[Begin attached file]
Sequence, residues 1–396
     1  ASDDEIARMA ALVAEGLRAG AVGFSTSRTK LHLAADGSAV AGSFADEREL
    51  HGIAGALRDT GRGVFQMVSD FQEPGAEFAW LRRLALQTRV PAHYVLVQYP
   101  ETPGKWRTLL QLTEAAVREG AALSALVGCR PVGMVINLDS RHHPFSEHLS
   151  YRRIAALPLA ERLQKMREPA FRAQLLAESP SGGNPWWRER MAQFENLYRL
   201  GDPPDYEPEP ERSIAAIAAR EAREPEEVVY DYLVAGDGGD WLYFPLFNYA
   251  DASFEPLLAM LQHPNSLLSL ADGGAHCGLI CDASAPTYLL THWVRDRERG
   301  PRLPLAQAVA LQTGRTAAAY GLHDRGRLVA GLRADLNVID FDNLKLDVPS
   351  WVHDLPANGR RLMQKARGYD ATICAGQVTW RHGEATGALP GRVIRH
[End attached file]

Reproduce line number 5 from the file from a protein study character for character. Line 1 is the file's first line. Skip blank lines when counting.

   151  YRRIAALPLA ERLQKMREPA FRAQLLAESP SGGNPWWRER MAQFENLYRL